Candy Crowley, Tina Fey and Amy Poehler: Hosts with the most

News of these three women moderating several high-profile events couldn't have come at a better time

By Mary Elizabeth Williams

Senior Writer

Published October 16, 2012 3:51PM (EDT)

Candy Crowley and Tina Fey
Candy Crowley and Tina Fey

What a difference a few months makes. Sure, we women are still fighting for our reproductive rights and having to defend ourselves against sexist creeps — sorry, feminists — but at least we can say this was the month America discovered that women can actually steer a public event. Progress!

It was just last summer that the possibility that yet another series of presidential debates would go by without a female moderator for any of them was looking mighty real. Things were so bleak a group of Montclair High School students had taken to petitioning the Commission on Presidential Debates to bring in the first female moderator in two decades. When teenagers are asking on the Internet for something that should at this point be a no-brainer, we are living in grim times. So it came as refreshing news in August when CNN's Candy Crowley was named as moderator for this Tuesday's event.

In the weeks since the Crowley announcement, the notion of male as default authority figure has undergone some serious rethinking. First, there was Jim Lehrer's hesitant, widely criticized performance in the initial presidential debate, followed up by Martha Raddatz's confident, controlled steering of last week's vice-presidential sparring match. As Rebecca Traister joked at the time, "Well. No wonder there have been so few female presidential debate moderators. Too delicate, no gravitas, lightweights. Right?" 

And now, glory be, it was announced on Monday that Tina Fey and Amy Poehler are set to host the 2013 Golden Globe Awards. This is possibly the greatest thing to happen for our sex since Spanx.

Sure, women have walked authoritatively up to the podium before, both in the political and entertainment realms. Gwen Ifil shepherded the vice-presidential debates both in 2008 and 2004. Lucille Ball co-hosted one of the very first Emmy ceremonies, and in recent years Ellen DeGeneres and Jane Lynch have done it. Whoopi Goldberg's hosted the Oscars multiple times, and Anne Hathaway co-hosted it just last year.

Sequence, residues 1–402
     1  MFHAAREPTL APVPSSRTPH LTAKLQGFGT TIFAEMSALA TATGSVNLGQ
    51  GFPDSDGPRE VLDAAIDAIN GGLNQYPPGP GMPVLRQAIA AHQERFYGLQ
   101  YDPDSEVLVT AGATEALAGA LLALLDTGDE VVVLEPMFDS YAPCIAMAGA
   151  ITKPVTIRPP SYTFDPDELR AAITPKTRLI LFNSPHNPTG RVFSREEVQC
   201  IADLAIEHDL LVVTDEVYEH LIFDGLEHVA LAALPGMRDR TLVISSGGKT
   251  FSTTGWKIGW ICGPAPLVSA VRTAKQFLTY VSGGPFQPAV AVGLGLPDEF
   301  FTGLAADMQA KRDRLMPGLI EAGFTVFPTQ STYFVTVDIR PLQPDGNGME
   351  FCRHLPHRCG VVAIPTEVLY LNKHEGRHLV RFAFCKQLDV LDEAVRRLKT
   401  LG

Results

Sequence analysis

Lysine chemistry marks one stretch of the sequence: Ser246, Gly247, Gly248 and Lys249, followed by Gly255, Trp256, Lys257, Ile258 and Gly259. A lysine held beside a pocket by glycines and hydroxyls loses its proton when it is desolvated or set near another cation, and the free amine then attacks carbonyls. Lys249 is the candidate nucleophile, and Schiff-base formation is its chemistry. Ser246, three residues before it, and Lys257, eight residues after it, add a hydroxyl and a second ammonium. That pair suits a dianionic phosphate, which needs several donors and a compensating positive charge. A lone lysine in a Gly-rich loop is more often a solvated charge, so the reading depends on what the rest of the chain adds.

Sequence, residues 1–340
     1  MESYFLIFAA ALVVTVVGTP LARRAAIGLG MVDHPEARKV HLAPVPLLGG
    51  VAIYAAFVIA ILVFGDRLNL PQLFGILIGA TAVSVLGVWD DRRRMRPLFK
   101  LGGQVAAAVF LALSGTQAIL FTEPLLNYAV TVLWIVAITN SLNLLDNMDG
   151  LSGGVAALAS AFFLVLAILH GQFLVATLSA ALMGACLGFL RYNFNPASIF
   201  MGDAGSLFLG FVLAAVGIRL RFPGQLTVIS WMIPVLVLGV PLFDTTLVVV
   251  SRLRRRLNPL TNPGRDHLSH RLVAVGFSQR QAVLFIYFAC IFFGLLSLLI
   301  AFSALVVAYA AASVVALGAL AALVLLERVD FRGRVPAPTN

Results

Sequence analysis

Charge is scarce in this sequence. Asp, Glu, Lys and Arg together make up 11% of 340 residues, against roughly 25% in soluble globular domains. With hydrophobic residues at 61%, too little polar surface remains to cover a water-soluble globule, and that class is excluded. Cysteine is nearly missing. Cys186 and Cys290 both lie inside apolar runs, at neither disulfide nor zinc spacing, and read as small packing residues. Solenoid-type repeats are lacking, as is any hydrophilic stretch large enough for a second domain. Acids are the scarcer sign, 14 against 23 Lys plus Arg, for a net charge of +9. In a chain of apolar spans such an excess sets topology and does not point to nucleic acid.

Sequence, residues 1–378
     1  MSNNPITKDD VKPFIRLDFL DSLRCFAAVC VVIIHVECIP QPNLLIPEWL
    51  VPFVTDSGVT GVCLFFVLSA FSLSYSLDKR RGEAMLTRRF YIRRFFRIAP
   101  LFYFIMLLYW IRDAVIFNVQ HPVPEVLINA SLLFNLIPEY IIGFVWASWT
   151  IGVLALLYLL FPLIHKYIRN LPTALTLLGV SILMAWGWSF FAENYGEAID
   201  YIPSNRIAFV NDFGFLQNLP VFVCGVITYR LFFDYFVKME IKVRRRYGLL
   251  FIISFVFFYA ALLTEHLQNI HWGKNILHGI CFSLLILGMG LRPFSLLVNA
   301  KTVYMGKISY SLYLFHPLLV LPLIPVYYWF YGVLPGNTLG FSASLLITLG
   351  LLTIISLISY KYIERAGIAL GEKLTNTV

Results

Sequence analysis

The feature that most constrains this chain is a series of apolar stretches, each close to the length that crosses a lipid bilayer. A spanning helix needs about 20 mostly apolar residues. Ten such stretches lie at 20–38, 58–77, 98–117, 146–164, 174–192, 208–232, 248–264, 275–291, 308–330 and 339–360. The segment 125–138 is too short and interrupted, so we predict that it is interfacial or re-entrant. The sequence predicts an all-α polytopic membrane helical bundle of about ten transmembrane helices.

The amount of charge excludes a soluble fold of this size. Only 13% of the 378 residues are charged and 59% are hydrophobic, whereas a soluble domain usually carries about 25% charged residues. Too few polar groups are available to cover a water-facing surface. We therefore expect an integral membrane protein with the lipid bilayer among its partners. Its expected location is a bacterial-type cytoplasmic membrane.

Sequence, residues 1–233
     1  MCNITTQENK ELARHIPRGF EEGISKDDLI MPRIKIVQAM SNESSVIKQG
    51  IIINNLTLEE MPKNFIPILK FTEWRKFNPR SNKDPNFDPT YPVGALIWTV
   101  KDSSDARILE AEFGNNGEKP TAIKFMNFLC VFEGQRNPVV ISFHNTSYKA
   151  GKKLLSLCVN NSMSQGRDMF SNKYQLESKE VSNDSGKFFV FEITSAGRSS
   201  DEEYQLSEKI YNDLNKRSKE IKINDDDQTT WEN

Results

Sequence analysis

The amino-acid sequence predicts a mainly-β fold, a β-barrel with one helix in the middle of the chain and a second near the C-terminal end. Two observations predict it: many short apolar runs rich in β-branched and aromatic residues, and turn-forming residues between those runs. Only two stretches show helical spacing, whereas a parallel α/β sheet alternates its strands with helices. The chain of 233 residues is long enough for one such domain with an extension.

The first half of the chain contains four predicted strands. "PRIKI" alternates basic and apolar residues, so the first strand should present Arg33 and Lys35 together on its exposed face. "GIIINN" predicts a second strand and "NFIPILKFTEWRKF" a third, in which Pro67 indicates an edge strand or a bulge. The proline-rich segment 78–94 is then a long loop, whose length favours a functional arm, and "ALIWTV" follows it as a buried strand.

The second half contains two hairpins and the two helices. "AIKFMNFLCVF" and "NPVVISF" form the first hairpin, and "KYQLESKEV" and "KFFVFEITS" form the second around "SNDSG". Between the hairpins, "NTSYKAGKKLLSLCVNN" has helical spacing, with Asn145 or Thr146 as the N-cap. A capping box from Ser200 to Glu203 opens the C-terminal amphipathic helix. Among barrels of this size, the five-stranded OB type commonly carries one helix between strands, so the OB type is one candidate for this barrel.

But the blammo! momentum of recent days signals the hope that putting women in the roles of moderator and host may actually someday be something other than a novelty — a victory that doesn't have to have been hard fought for. More promisingly, the choices to put such famously strong, outspoken women in such high-profile gigs suggests that there's a new acceptance that women are going to run these shows not as high-heeled imitators of their male counterparts but as, gasp, women.

On the heels of Raddatz's smooth, steely performance last week, there's genuine excitement about what Crowley will do as the first female presidential debate moderator in 20 years. And after two debates in which women's issues have barely even been mentioned, there's a palpable sense of anticipation over what the veteran newswoman, who said just days ago that the moderator "needs to take control" of the conversation, will do. And she's said, with pride, that she'd like Tuesday's event to "add to our collective resume as female journalists." Crowley understands that this is a huge milestone for women in journalism, and she's OK with that. Better than OK. She's going to make it count.

And the inclusion of the openly feminist, deeply political Fey and Poehler as Globes hosts likewise means the show will not go gently into bland, Bruce Vilanch territory. It'll be, God willing, one of the best retorts to the old line that feminists aren't funny we could hope for.

This has been a year when women's issues have been so crushingly ignored, so spitefully dismissed, that our health and welfare have literally been called "shiny objects to distract people's attention." We've needed a voice so badly, that's why it's downright thrilling to hear echoes of that finally happening. It's huge that the Crowley and Fey and Poehler are taking control of these major events — and with that, offering the promise they'll say some of the things that need to get heard. Because right now more than ever, a woman's place is behind the microphone.

By Mary Elizabeth Williams

Mary Elizabeth Williams is a senior writer for Salon and author of "A Series of Catastrophes & Miracles."

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